Genetic Influences in Different Aspects of Language Development: The Etiology of Language Skills in 4.5-Year-Old Twins

Authors


  • We gratefully acknowledge the ongoing contribution of the parents and children in the Twins' Early Development Study (TEDS). TEDS is supported by a program grant (G9424799) from the UK Medical Research Council.

concerning this article should be addressed to Yulia Kovas, Social, Genetic, and Developmental Psychiatry Centre, Institute of Psychiatry, De Crespigny Park, London, England SE5 8AF. Electronic mail may be sent to y.kovas@iop.kcl.ac.uk.

Abstract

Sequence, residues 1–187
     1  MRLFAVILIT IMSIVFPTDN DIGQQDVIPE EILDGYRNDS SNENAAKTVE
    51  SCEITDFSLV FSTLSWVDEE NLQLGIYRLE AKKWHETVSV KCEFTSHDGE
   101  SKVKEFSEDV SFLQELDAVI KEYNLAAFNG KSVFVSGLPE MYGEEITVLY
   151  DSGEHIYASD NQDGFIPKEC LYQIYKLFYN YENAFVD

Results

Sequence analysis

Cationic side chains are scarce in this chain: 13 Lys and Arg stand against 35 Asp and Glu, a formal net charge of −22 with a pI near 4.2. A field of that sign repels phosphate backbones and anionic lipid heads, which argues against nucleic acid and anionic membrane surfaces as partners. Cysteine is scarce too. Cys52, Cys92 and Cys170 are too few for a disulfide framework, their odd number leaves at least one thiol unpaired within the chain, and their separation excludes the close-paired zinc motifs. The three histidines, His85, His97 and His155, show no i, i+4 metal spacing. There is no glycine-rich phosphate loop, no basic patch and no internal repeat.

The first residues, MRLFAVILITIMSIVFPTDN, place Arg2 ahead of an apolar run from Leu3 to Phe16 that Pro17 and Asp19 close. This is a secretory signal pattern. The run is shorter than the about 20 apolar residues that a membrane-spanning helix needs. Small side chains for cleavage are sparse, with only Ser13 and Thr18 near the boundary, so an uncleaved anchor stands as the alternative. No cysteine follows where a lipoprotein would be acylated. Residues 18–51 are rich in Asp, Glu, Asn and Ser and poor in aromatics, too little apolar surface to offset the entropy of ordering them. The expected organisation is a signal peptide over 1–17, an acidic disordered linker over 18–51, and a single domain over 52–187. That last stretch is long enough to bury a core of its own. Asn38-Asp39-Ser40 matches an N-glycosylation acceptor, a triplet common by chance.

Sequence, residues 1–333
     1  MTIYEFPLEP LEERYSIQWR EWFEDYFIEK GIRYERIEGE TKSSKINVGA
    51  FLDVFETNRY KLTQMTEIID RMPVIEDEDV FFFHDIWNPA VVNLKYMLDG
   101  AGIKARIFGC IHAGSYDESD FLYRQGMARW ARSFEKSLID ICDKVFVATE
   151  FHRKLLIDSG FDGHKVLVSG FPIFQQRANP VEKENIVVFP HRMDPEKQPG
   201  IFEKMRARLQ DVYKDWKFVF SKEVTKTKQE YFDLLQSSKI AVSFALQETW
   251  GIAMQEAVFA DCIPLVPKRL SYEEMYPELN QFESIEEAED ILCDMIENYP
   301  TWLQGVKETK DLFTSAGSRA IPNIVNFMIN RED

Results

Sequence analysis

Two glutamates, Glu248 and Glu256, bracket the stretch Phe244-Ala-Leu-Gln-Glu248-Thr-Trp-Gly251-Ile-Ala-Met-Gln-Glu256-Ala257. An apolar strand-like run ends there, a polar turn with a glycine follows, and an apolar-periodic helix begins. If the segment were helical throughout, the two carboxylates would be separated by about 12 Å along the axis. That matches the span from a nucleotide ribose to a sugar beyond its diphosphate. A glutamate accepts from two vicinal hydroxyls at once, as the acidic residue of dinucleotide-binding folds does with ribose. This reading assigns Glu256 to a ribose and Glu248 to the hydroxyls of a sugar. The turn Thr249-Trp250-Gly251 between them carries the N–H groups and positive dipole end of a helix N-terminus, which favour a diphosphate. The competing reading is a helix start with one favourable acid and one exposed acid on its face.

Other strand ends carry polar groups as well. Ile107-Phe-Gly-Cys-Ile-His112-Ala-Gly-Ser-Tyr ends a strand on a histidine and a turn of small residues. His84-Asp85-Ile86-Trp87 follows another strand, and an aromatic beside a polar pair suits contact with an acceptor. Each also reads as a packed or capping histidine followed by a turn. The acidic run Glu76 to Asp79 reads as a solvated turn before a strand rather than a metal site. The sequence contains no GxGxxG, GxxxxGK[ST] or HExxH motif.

The genetic and environmental etiologies of diverse aspects of language ability and disability, including articulation, phonology, grammar, vocabulary, and verbal memory, were investigated in a U.K. sample of 787 pairs of 4.5-year-old same-sex and opposite-sex twins. Moderate genetic influence was found for all aspects of language in the normal range. A similar pattern was found at the low end of the distribution with the exception of two receptive measures. Environmental influence was mainly due to nonshared factors, unique to the individual, with little influence from shared environment for most measures. Genetic and environmental influences on language ability and disability are quantitatively and qualitatively similar for males and females.

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